Your Evening Briefing
The San Francisco Bay Area is covered by a dangerous cloud of smoke. Much of California is without electricity, and hundreds of thousands have been evacuated as windstorms fan wildfires across the state. The bankrupt utility company, PG&E, has begun restoring service to more than 3 million people purposely blacked out to prevent power lines from sparking more fires (which may not be working). Meanwhile, a “decade of darkness” could befall the state as PG&E tries to shore up the grid. The next few years should be good for the generator business, though. It already is for real estate bargain hunters.
Here are today’s top stories
The U.S. House of Representatives is set to take its first full vote regarding the ongoing impeachment investigation of President Donald Trump. It comes as the refusal of a former White House official to honor a subpoena added fuel to warnings that Trump may face an article of impeachment for obstruction.
The physical and constitutional conflagrations on the coasts didn’t rattle Wall Street. Stocks climbed to a record as solid corporate earnings and bets the Fed will cut rates yet again had everyone buying.
Exxon faces a potential $1.6 billion verdict if New York wins its historic climate change lawsuit, now in the second week of trial. Exxon said it didn’t intend to deceive shareholders about its accounting practices when it came to projecting the rising costs of climate regulation and dropping demand for fossil fuels. But under New York law, what Exxon intended may not matter.
The CEO of H&M contends that the practice of shaming consumers whose purchases fuel the climate crisis—like jet travel or buying a SUV—or benefit companies who don’t sufficiently protect workers may have some unintended consequences.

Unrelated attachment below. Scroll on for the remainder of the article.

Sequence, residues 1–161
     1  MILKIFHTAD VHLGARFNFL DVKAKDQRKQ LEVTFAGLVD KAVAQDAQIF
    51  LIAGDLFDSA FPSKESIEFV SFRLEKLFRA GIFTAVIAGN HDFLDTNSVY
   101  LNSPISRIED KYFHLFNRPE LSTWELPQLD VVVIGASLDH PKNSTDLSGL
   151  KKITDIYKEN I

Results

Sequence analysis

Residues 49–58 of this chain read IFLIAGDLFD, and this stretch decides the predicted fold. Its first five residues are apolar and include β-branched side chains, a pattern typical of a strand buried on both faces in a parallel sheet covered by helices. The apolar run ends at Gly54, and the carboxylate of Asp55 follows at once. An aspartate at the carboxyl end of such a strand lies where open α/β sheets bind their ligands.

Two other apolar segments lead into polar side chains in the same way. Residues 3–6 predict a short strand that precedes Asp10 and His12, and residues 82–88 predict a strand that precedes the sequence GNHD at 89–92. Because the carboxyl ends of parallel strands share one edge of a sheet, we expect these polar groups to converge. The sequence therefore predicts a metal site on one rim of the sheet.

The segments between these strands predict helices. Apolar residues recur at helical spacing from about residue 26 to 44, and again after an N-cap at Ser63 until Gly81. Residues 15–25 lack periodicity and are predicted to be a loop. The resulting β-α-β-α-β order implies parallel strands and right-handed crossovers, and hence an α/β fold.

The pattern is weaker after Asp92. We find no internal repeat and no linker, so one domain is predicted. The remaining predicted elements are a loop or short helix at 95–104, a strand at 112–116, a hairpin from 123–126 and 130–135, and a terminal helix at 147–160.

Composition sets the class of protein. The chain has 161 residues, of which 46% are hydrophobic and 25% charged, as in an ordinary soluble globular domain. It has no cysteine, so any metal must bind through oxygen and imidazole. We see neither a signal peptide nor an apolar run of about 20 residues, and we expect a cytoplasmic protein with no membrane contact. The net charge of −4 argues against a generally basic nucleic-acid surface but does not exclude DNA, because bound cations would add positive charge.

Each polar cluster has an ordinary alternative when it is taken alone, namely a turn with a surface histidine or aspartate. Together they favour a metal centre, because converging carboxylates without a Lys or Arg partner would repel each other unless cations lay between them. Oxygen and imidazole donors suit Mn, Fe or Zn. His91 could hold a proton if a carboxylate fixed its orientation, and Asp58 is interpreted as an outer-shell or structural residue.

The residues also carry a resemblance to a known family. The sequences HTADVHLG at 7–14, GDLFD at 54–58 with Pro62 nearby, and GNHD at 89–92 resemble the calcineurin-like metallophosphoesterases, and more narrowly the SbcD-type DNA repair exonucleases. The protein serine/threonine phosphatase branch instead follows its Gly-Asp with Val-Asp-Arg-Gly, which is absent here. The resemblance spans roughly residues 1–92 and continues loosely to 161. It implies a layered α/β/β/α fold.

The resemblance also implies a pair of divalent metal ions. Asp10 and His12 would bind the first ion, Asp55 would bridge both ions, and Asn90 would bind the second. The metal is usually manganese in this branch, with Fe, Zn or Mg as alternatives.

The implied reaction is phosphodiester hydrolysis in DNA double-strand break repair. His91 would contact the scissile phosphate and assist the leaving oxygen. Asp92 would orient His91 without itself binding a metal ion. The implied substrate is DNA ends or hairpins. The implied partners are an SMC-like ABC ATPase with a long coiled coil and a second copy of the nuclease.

Dubai needs to halt all new home construction for one or two years to avert an economic disaster brought on by continued oversupply, according to one of its biggest builders.
What’s Joe Weisenthal thinking about? The Bloomberg news director wants you to listen to his podcast. Over the last few weeks, Joe and his colleague Tracy Alloway have recorded a series of episodes that might just improve your understanding of the global financial system and macro-economics. Joe says you should start with this one.
What you’ll need to know tomorrow
- Boris Johnson loses again, this time in his call for an early election.
- Coins minted to honor Oct. 31 as Brexit day are being melted down.
- Trump explored cutting grants for schools tied to a foe of Erdogan.
- Americans aren’t using their homes as piggy banks anymore.
- Bloomberg Opinion: Softbank's WeWork bailout may test its limits.
- The world’s most expensive bank is limiting water use by employees.
- Apple rolled out higher-performance AirPods with noise cancellation.
What you’ll want to read in Bloomberg Pursuits
A rare 1950s timepiece is coming up for sale in a Christie’s auction. The 18-carat pink gold Patek Philippe has a rare translucent blue enamel dial and is known by the name of the 177-year-old Milan-based shop where it was sold. The price estimate is as high as $14 million, which Christie’s said is the highest for any wristwatch offered in an auction.
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